of Queens of the Stone Age, producer for New Skin]. Once he heard the demos he loved them. It was a huge confidence booster for me that made me realize 'This is going to work, I want to pursue this.'

SM: I think one of the best parts of the album is the sound it has; it's sort of if you gave The Cars "Appetite for Destruction" [the Guns n' Roses album] and told them to listen to it for ten straight days. It has this --

NV: Oh man (laughs)

SM: Honestly! It has these heavy riffs but these power pop sheen that I really admire a lot. During the demo and recording process was that a sound you actively tried to pursue or was that something you and Josh hashed out in the recording studio and settled on?

NV: Well that sound was kind of there in the demos, and there was Josh's role... initially he loved the demos so much and there were a lot of elements [from the demos] that he wanted to keep. Our first conversation was really about there were certain songs that he'd pick. Like maybe one song there would be a guitar that he really loved, or another song there'd be a vocal or a drum track. One of the first things we did was that we went through all the demos and pick what we were going to keep. On the album actually there's a lot of stuff; maybe 25-35% that's actually from the demos. And Josh was really good a picking and choosing what to keep. And then there were other songs that we just recorded from scratch and the stuff we worked on from the demos was totally up to him. I was kinda at a place where I'd been with the songs for a year practicing them and I was really close to the whole thing and didn't know... I guess I just lost respect with where it was going and where to take it. Josh really came in and saved the day with that. I don't know if I would've been able to do it without him.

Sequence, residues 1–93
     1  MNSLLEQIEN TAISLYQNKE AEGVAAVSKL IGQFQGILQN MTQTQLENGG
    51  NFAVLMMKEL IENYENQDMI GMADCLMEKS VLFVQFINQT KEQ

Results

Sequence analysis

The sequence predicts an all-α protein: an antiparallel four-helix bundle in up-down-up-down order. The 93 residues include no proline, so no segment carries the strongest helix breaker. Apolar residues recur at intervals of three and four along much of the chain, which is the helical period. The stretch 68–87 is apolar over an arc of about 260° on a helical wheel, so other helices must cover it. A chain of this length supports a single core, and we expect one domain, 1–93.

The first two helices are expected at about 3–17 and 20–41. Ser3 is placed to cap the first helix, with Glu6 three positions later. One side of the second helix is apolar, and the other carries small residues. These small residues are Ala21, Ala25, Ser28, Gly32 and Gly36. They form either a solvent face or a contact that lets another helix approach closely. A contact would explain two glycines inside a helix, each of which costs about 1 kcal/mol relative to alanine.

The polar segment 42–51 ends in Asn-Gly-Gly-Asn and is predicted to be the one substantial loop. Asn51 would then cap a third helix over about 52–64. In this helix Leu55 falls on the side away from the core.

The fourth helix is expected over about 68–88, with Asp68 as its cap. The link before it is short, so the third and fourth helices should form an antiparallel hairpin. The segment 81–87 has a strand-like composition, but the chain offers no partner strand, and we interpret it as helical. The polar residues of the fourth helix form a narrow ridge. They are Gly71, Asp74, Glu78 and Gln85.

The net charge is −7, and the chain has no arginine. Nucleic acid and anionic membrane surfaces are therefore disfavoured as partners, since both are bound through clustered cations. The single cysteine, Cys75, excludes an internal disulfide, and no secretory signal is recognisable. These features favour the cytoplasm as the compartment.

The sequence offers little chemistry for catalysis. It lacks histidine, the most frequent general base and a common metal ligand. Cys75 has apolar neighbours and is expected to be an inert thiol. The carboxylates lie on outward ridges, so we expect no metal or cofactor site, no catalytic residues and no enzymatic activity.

SM: It can be really helpful to get a different set of ears on it or to have friends give their opinion on things. When you're alone with material so long you can almost forget how it sounded originally.

NV: It’s important to get the perspective of someone you trust. That was it for me. It was that I trusted [Josh] and really respected what he had done prior. I'm a huge fan of all his bands, all the things he's produced, his songwriting choices. It was cool to have that.